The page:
10 Odd Creatures (or Fun Day at the Petting Zoo)
The world is full of unusual creatures and every year hundreds -- that's right... hundreds -- more are discovered. Most of these have been around for sometime and, while they may not be right outside your door, they definitely ad a little flourish and excitement to the marvelous world in which we live.
The Philippine Tarsier (Tarsius syrichta) is also known as the Maumag and can be found primarily in the southern Philippines. Ranging somewhere between 3" and 6.5", the Philippine Tarsier is one of the smallest primates on the planet with an adult being about the size of an average human fist. Its unusually large eyes provide it with excellent nocturnal vision and the Philippine Tarsier also has excellent hearing. These odd little creatures have been around about 45 million years.
The axolotl (Ambystoma mexicanum}, also called the ajolote, is an aquatic salamander that even has gills. This strange looking fellow is used extensively in scientific research due largely to its ability to regenerate most body parts as well how easily it can be bred. They are found mostly around Mexico City and are near extinction due to that city's urbanization.
The star-nosed mole (Condylura cristata) is mainly found in eastern Canada and the north-eastern United States. This small North American mole has, however, been found as far south as the lower parts of Georgia. It lives in wet lowland areas and eats insects, worms and mollusks. It digs tunnels to forage for its food with its tunnels often exiting underwater. They are believed to live in colonies, but little is known about their social life. It is believed to use the unusual tentacles of its snout to find food by touch and is recognized as the fastest consumer of food in the animal kingdom taking less than 227 milliseconds to identify and consume its prey. And I thought my girlfriend could really shovel it in! (Don't tell her I said that...)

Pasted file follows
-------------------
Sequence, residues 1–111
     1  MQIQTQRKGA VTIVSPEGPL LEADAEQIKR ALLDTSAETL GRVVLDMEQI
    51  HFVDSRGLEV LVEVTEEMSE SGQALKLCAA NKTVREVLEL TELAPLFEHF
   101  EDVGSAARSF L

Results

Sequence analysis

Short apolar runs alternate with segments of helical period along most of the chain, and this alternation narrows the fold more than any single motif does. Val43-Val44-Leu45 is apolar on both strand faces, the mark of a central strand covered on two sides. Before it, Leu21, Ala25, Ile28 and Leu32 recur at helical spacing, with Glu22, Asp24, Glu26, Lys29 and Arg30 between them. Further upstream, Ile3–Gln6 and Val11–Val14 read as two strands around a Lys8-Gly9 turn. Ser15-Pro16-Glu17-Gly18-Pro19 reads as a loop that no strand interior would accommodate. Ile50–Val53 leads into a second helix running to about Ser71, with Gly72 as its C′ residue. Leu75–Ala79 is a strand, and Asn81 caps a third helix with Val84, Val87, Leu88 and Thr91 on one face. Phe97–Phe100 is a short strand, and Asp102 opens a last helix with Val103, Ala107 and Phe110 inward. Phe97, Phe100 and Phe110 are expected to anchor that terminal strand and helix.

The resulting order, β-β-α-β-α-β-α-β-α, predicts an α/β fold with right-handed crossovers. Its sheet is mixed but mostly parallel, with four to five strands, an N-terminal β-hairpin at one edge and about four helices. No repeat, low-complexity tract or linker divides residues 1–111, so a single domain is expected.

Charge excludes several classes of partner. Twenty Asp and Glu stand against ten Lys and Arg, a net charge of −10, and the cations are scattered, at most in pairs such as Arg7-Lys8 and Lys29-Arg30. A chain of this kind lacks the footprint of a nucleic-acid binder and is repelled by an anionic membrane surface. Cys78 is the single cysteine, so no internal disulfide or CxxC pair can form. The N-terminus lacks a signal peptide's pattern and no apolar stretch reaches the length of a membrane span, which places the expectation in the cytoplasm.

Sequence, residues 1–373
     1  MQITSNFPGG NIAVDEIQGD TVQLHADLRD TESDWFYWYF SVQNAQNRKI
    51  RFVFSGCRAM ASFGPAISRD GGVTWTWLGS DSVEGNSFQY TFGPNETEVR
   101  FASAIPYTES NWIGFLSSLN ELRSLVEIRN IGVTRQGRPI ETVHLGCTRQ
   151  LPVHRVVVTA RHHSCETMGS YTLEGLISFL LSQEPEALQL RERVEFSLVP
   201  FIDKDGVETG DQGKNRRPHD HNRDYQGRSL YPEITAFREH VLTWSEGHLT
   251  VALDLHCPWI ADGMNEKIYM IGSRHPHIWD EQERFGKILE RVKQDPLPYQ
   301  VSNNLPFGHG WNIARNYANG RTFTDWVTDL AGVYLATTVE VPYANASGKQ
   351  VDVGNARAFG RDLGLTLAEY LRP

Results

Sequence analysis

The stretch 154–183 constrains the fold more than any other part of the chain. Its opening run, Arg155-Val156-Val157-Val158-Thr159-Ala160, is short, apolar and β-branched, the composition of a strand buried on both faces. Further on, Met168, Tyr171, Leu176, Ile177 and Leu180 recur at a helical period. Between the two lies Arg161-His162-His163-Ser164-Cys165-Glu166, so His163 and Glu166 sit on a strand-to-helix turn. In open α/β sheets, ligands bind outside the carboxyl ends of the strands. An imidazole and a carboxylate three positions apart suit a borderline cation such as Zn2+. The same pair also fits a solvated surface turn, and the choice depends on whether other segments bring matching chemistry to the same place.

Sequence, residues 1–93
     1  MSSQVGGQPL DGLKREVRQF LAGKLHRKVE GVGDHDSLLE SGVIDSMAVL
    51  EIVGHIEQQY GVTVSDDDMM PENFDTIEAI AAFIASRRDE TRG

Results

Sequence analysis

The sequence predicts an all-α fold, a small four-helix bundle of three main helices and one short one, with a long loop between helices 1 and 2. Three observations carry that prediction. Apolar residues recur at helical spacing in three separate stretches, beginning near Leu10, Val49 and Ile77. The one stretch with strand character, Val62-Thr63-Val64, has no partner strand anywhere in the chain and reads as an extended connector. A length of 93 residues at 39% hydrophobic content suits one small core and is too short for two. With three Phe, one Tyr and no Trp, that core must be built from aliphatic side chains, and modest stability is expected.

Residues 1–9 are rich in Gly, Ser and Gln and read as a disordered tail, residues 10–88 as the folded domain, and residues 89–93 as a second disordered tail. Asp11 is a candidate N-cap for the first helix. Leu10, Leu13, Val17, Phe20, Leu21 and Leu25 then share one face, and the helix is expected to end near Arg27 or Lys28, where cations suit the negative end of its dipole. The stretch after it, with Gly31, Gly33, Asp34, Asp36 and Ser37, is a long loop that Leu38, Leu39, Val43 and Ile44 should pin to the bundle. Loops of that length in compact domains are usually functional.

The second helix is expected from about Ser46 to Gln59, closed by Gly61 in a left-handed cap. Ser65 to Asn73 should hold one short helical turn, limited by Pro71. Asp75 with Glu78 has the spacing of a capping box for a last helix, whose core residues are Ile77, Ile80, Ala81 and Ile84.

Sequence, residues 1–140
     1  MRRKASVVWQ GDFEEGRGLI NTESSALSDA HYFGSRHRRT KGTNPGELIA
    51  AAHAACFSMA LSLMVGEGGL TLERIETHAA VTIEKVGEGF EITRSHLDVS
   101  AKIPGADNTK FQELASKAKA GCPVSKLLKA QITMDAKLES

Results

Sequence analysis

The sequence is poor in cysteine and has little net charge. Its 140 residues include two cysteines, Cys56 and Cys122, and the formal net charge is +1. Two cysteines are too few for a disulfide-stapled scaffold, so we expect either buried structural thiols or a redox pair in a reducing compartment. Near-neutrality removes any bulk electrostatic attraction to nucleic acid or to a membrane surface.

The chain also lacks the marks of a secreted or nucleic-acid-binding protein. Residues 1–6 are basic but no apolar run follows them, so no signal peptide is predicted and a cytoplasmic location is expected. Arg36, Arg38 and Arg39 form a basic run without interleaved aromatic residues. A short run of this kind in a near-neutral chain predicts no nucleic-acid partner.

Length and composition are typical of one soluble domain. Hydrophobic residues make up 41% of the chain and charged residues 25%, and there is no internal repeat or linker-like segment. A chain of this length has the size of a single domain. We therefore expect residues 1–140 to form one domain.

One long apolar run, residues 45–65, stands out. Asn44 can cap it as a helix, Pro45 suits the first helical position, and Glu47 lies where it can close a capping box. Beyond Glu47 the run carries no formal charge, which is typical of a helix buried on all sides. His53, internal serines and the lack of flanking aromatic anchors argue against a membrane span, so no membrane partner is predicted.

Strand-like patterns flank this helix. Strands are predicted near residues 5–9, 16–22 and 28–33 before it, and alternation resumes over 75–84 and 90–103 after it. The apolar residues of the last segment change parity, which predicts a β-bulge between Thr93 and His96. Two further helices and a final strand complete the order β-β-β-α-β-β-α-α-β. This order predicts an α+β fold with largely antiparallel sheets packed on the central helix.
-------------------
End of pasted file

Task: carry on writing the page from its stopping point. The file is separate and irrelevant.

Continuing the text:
The yeti crab (Kiwa hirsuta) which is sometimes called the yeti lobster is a crustacean found in the South Pacific Ocean. It is a crustacean and is approximately 6 inches long. It was only recently discovered in March 2005 so little is known about this beautiful sea animal. For instance, it is known that its pincers contain bacteria but it is not known if this is used to detoxify minerals that exist in the places it makes its home or if the crab eats bacteria or maybe even both.
The blobfish (Psychrolutes marcidus) is a deep water fish found off the coast of Tasmania and mainland Australia. It is rarely seen by humans due to the depths at which it thrives but it can ocassionally be caught in fishing nets used to harvest other deep sea fish. It feeds by floating along the sea bed eating whatever happens to float by.
It would be hard to find a more fascinating creature in all the sea than a ribbon eel (Rhinomuraena quaesita). Young ribbon eels are black with a yellow dorsal fin but turn blue as they mature. At one time these were thought to be separate species but these are now recognized as different life stages of the same animal. Female ribbon eels are yellow with a black anal fin. Ribbon eels are rarely seen in captivity as they tend to stop eating when confined and die within a month, but if properly cared for in an adequate environment, they have been known to survive for several years.
Prussian Blue Terriswalkeris Terraereginae
The Giant Blue Earthworm (Terriswalkeris terraereginae) is a giant earthworm found in Australia. Its two unusual features is its bright blue color and its length of nearly six feet long. Surprisingly however, this lengthy worm is tiny compared to the Giant Gippsland earthworm (Megascolides australis) which commonly grows to ten feet or more. These enormous worms generally live underground and are rarely seen unless their habitat is disturbed by man (road construction, etc.) or nature (heavy rains, etc.).
Allegedly named for its resemblance to the German emperor Wilhelm II, the Emperor Tamarin (Saguinus imperator) grows to only about 10 inches and weighs less than a pound. It is found in the rain forests of the southwestern part of the Amazon Basin. It lives in groups of two to eight with a dominant female as the leader and spends most of its life in the trees.
Long Eared Jerboa
The Long-eared Jerboa (Euchoreutes naso) has a head and body 3 to 3 1/2 inches but a tufted tail that is twice as long. It is only found in southern Mongolia and northwestern China and eats mostly small insects. Very little is known about this nocturnal desert-dwelling mouse-like rodent as it is rarely observed in the wild. Its long hind legs and large back feet make it an excellent jumper.
Scientists believe the Chambered Nautilus (Nautilus pompilius) has remained unchanged for over 400 million years. It is a mollusk and a member of the cephalopod family. It lives in deep waters. As a defense mechanism, the Chambered Nautilus has a shell that features what is known as countershading -- it is light on the bottom and dark on the top causing it to blend in with the ocean floor when seen from above but blend in with the light coming from above when seen from below.
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